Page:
A ‘complex’ investigation into 2 catastrophic engine failures on board Wightlink’s Wightlink ferry has revealed a history of some 26 engine failures dating back to 2010.

The Marine Accident Investigation Branch (MAIB) spent over 3 years investigating the most recent incidents which occurred on 26 August and 14 December 2018 – but have expanded their investigation to look at a total of 26 engine failures in the Wight-class fleet.

It was on August 26, 2018 that Wight Sky suffered a catastrophic forward main engine failure as it prepared to enter the River Lymington on its scheduled crossing from Yarmouth. It was the second catastrophic failure of the ferry’s main engine in less than a year – with the faulty engine replacing the previous failure which caused a fire and serious injury to an engineer officer.

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The accident report revealed that at 6:41 p.m. the engine failed catastrophically, causing a connecting rod to fly through the engine housing into the engine room. Oil and fumes released from the crankcase ignited and created a fireball around the engine.

Engine damage to Wight Sky in August 2018

The 10 crew members were quickly rounded up, the 117 passengers rounded up and the coastguards alerted. It was originally planned to head for Lymington, but shortly after the captain made the decision to proceed to Lymington, black smoke began to emerge from the engine room funnel. The trip was cut short and Wight Sky returned to Yarmouth.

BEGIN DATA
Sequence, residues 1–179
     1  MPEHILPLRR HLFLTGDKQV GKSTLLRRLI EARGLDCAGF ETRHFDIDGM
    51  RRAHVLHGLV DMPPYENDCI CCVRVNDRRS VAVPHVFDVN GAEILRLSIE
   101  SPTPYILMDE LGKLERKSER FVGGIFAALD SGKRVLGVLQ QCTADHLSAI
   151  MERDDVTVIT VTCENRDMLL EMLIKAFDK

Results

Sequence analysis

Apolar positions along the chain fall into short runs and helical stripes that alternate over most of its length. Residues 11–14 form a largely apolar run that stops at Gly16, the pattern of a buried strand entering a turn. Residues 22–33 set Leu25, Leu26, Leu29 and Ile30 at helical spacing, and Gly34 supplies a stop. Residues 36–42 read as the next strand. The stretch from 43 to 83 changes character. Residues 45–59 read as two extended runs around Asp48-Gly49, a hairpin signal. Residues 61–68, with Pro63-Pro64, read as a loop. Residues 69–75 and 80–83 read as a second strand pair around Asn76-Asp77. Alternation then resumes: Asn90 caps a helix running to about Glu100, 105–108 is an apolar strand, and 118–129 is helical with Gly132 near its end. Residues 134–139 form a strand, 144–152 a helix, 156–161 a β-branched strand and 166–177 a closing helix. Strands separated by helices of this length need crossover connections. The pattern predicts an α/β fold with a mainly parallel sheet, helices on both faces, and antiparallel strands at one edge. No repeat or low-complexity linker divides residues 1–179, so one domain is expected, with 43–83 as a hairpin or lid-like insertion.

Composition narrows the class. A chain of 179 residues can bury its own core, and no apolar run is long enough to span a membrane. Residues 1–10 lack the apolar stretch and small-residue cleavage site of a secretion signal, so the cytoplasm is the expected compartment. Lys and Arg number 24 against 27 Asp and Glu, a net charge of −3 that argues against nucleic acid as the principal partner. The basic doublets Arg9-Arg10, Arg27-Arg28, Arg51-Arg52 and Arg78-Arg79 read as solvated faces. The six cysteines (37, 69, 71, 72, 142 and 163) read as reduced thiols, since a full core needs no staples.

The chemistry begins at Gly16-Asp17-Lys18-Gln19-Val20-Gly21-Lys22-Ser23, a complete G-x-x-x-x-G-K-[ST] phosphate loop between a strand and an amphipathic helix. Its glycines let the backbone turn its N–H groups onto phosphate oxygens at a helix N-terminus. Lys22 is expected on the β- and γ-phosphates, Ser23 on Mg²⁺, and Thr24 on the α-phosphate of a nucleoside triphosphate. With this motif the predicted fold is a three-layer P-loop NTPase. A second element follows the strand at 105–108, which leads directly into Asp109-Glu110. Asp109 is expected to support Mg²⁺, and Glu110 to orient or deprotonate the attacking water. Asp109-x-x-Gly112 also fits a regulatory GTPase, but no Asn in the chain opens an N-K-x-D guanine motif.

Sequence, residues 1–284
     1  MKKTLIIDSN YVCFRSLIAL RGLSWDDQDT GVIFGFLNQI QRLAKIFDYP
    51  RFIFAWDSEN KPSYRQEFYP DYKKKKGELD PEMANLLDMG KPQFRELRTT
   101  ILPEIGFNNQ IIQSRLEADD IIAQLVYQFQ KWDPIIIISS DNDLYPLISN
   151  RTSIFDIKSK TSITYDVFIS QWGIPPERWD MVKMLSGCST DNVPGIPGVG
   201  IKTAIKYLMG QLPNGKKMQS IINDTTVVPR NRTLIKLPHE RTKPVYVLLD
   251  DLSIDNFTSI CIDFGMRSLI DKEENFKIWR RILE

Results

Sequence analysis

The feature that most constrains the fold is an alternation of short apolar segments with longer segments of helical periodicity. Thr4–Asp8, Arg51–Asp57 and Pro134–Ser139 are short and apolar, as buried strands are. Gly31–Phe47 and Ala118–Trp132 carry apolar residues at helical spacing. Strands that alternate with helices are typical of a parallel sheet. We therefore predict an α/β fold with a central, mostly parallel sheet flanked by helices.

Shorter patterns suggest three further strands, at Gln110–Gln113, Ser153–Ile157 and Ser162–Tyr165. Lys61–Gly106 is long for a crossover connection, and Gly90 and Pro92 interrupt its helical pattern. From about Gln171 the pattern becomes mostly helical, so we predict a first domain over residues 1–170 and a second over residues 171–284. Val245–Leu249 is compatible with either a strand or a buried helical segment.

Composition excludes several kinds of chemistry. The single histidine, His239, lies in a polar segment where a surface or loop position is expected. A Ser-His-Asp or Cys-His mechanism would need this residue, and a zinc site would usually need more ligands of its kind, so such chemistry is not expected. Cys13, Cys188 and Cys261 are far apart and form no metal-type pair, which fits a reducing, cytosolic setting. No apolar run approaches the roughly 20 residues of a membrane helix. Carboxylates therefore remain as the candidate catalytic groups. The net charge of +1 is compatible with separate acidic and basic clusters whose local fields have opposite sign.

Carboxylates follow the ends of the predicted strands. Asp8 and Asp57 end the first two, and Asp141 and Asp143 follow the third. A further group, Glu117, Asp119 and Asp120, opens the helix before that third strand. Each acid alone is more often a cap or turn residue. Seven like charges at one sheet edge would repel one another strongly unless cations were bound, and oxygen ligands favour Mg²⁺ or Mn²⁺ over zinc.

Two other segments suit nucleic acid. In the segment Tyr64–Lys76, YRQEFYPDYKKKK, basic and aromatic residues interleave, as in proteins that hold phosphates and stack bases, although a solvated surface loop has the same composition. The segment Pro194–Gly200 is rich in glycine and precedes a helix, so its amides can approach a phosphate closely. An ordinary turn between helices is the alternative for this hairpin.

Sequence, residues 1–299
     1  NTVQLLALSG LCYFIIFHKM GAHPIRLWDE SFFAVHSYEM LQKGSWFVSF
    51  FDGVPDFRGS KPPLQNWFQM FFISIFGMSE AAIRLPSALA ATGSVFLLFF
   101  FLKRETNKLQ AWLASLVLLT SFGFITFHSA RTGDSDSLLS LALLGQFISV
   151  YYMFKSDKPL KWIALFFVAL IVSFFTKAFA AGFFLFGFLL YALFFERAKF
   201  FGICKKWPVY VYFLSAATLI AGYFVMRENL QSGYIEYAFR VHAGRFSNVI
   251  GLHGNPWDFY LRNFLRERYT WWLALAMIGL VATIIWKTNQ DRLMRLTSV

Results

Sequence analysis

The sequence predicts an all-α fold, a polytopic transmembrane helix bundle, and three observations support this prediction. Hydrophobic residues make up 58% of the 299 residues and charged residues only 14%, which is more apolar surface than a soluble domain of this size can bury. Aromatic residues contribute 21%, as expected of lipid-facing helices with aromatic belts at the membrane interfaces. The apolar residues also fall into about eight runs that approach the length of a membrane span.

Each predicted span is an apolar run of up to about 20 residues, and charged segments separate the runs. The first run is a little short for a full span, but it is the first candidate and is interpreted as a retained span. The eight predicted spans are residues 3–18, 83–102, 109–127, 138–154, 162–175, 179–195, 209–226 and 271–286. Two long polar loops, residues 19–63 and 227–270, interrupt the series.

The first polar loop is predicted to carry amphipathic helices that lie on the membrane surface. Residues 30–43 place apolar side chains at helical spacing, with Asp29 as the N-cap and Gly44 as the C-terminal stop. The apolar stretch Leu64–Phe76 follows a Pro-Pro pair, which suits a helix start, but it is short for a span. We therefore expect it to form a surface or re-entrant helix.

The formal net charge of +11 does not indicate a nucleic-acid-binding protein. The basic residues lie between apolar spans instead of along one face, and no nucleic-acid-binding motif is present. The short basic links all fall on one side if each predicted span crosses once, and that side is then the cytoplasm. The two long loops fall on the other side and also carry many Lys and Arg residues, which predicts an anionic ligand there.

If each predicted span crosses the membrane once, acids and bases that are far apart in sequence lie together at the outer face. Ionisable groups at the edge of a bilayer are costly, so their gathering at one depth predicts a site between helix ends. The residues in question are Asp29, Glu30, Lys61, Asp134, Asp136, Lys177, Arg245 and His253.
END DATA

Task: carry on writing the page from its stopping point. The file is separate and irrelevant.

On December 14, 2018, at 06:55 a.m., Wight Sky suffered a third catastrophic engine failure – this time in the aft engine room. The crew reported loud banging noises coming from the engine room and smoke could be seen billowing from the shore at Lymington. The fire suppression system was activated and emergency stops were activated for the fans and fuel pumps. With the engine still running, the master disengaged and stopped the engine from the bridge and shut off the aft electric generator.

Hampshire Fire and Rescue Service boarded the vessel at Lymington Terminal and were able to confirm there was no fire. Initial inspection of the engine room revealed that the engine had failed catastrophically and its number 4 connecting rod and gudgeon pin had been thrown out the side of the engine case in the engine room – a little like the August incident of this year.

As the MAIB investigation progressed, it became apparent that similar and other types of engine failures were more common on Yarmouth’s 3 W-class vessels than originally thought and that the failures began within 2 years of the vessels commissioning in 2009. The scope of the official investigation was expanded to include all known failures on the 3 vessels – a total of 26 between 2010 and 2018, of which 5 have were considered serious.

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The investigation concluded, in brief, that the August 2018 outage was caused by a sudden loss of lubricating oil supply and that the December 2018 outage was the result of an assembly error in the factory of Volvo Penta in Sweden.